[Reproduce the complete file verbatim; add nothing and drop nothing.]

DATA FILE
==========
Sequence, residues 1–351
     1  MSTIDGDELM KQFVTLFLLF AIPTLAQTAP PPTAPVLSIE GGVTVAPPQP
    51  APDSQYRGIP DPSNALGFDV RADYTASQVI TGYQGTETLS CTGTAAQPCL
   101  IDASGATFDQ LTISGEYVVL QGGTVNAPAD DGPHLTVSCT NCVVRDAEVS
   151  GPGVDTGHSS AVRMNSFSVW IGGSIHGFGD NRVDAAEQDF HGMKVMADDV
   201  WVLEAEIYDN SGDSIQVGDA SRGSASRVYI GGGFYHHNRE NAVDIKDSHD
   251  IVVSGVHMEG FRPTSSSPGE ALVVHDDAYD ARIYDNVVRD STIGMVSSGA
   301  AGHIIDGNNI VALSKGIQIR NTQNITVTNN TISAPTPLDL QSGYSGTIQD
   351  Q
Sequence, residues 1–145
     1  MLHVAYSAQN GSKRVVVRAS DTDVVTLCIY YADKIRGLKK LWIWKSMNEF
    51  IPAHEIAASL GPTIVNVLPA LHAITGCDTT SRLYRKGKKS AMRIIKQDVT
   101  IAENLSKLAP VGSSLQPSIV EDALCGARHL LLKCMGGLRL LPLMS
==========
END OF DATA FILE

Sequence, residues 1–351
     1  MSTIDGDELM KQFVTLFLLF AIPTLAQTAP PPTAPVLSIE GGVTVAPPQP
    51  APDSQYRGIP DPSNALGFDV RADYTASQVI TGYQGTETLS CTGTAAQPCL
   101  IDASGATFDQ LTISGEYVVL QGGTVNAPAD DGPHLTVSCT NCVVRDAEVS
   151  GPGVDTGHSS AVRMNSFSVW IGGSIHGFGD NRVDAAEQDF HGMKVMADDV
   201  WVLEAEIYDN SGDSIQVGDA SRGSASRVYI GGGFYHHNRE NAVDIKDSHD
   251  IVVSGVHMEG FRPTSSSPGE ALVVHDDAYD ARIYDNVVRD STIGMVSSGA
   301  AGHIIDGNNI VALSKGIQIR NTQNITVTNN TISAPTPLDL QSGYSGTIQD
   351  Q
Sequence, residues 1–145
     1  MLHVAYSAQN GSKRVVVRAS DTDVVTLCIY YADKIRGLKK LWIWKSMNEF
    51  IPAHEIAASL GPTIVNVLPA LHAITGCDTT SRLYRKGKKS AMRIIKQDVT
   101  IAENLSKLAP VGSSLQPSIV EDALCGARHL LLKCMGGLRL LPLMS